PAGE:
David Burkard, MD, walked through the doors of Spectrum Health Butterworth Hospital ready for work and eager to put COVID-19—and his 15 minutes of fame—behind him.

As he returns to his job caring for patients and saving lives, Dr. Burkard just hopes his now-viral Facebook post will inspire some folks to take precautions that protect themselves and others from the coronavirus.

“If just one additional person takes it seriously because of my message, then we have done our part,” he said.

Dr. Burkard, a Spectrum Health emergency medicine resident, had no idea his Facebook post about his experience with the COVID-19 virus would have an impact nationwide—and even internationally.

He just hoped to reach a few friends and family members with his message.

Working in the Butterworth Hospital emergency department, he has witnessed the terrible toll the contagious illness can take.

He has cared for patients gasping for breath. He has watched people say goodbye to their loved ones for the last time.

Still, he did not expect the disease would hit him so hard. A healthy 28-year-old who runs 5 miles a day and manages a demanding, physical job, he was not considered high risk.

The illness hit suddenly on the morning of Nov. 5. He woke up with a fever, cough, fatigue and body aches.

He let the medical team at the emergency department know he couldn’t come into work.

He tested positive for COVID-19 and began to quarantine in his apartment.

His health improved for a few days, and then abruptly began to decline.

“On day 6, it was like all bets were off,” Dr. Burkard said. “I was short of breath—really winded when I got up and walked around.”

He got a home monitor that showed the oxygen saturation in his blood. Normal oxygen levels typically are over 95%.

His measured in the low-90s at first. It dropped that evening into the mid-80s.

The next day, on Nov. 13, he arrived at the Butterworth Hospital emergency department.

As a resident physician, he had walked through those doors many times. This was the first time as a patient.

As he arrived, a triage nurse told him, “You don’t look so good.”

His colleagues admitted him to the hospital with a low blood oxygen level and high heart rate. He began to receive treatments, including convalescent plasma therapy and Remdesivir.

From his hospital bed, Dr. Burkard created his now-viral Facebook post, sharing his experience. He urged others to wear a mask and do what they can to stop the spread of the COVID-19 virus.

“Think about the families who want to be with their loved ones while they’re sick but can’t,” he wrote. “Think about how silly it sounds to complain about a mask when there are people literally gasping for air. It is up to all of us to stop the spread of COVID.

“It does not just affect the old and frail; it affects all of us and we are all at risk for getting sick.”

He spent three days in the hospital. Then, he recovered at home.

He returned to work Nov. 20, three weeks after he became ill.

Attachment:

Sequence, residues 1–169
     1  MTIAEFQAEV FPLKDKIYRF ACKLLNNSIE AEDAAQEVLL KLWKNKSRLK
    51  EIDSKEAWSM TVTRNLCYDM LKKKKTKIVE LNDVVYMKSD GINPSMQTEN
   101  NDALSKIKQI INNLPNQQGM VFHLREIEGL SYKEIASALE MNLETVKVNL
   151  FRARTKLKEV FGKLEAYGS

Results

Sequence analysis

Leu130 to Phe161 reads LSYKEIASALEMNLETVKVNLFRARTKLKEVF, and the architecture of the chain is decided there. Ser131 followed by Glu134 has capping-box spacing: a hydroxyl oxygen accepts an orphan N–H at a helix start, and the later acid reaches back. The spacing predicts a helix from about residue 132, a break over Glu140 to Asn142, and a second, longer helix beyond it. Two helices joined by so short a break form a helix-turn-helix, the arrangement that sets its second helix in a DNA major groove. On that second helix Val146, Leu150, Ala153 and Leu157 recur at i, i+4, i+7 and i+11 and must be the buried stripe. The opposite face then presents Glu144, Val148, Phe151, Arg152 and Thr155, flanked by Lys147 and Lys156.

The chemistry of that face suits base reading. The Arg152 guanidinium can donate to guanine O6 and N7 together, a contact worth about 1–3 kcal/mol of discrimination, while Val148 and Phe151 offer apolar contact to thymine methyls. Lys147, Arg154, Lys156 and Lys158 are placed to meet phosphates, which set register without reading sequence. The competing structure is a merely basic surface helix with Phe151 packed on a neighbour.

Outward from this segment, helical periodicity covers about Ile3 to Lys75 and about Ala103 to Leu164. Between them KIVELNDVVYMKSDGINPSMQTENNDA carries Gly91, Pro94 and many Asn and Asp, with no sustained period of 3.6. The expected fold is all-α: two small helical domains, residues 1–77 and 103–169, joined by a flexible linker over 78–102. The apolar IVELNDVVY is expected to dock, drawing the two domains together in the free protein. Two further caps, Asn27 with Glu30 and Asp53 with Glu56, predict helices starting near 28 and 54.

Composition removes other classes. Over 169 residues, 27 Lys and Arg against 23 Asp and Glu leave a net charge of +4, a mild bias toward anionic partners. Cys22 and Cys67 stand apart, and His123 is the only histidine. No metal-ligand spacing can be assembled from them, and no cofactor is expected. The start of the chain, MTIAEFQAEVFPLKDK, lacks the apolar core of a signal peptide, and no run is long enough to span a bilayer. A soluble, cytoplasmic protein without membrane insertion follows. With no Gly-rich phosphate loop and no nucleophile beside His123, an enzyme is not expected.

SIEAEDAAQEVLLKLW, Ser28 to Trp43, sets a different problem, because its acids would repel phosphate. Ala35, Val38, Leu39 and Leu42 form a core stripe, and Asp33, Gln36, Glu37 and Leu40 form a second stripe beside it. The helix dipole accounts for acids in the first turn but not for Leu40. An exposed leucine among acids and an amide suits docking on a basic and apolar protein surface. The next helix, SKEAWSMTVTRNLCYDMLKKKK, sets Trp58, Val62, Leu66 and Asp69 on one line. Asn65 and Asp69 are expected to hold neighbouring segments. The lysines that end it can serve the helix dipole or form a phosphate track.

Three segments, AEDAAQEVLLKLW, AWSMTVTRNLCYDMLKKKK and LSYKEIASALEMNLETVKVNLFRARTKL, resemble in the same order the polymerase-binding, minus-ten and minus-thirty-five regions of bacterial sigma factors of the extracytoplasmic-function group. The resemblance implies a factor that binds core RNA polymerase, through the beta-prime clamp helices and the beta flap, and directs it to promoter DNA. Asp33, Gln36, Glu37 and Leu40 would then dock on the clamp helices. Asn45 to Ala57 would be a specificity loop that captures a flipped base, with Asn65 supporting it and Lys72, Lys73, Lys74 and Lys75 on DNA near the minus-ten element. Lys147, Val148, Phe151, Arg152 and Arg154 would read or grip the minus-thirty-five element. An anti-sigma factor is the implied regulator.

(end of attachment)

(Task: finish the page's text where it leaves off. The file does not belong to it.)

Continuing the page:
Dr. Burkard maintained a positive outlook during his illness, though he admits he felt scared.

“I wasn’t as nervous about dying as much as I was about not recovering well,” he said.

That still is a concern. He continues to get winded easily and is working to rebuild his strength and endurance.

He wants to return to the active life he has enjoyed—running and playing volleyball.

In addition to his work in medicine, Dr. Burkard serves as chairman of the board of directors at Warner Camp and directs a summer camp every year.

‘One of the heroes’

As Dr. Burkard’s Facebook post drew nearly 1,500 comments and 7,600 shares, local and national news outlets shared his story.

Michigan Gov. Gretchen Whitmer discussed his experience during a press conference Nov. 19, praising him as “one of the heroes that has stayed on the front line of this crisis.”

He received some angry messages from people questioning his story. And he received many more kind comments. Some said they prayed for his recovery. Others said they will take the virus more seriously.

The responses and attention are a bit overwhelming.

“This isn’t my thing,” he said. “I’m not a media guy.”

But he has no regrets about going public with his experience. He just hopes he can encourage others to stay safe and curb transmission of the virus.

Research shows the value of wearing face masks, he said. Studies show areas with mask mandates have lower rates of COVID-19 illnesses.

“Wear a mask. Social distance. Wash your hands,” he said. “Cancel that get-together with friends. Hang out on Zoom and FaceTime. Take this seriously.”

‘Everyone is at risk’

During his illness, Dr. Burkard remained isolated. But he received lots of texts, meals and support from family, friends and team members in the emergency department.

“Dave is beloved by our program,” said Matthew Singh, MD, the associate program director for the Spectrum Health-Michigan State University emergency medicine residency. “Everyone knows him, and he always seems to elevate his co-workers, his team and his co-residents.

“It was definitely good news to see him easing back into work.”

Dr. Burkard’s experience with COVID-19 shows that it’s hard to predict who will suffer serious issues with the illness, he said.

“The bottom line is no matter how old you are or how healthy you are, everyone is at risk at some level,” Dr. Singh said. “It just emphasizes how important it is to take this seriously and to listen to his message.”